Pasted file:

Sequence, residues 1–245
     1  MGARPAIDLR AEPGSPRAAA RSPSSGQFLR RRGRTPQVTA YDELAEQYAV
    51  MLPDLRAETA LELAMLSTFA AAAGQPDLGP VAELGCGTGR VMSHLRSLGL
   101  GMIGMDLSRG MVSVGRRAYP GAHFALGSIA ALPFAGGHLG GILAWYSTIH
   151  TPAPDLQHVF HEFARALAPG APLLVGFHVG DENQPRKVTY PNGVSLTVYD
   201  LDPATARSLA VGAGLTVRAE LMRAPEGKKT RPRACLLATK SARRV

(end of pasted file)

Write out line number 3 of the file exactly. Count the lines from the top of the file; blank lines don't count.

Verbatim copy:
    51  MLPDLRAETA LELAMLSTFA AAAGQPDLGP VAELGCGTGR VMSHLRSLGL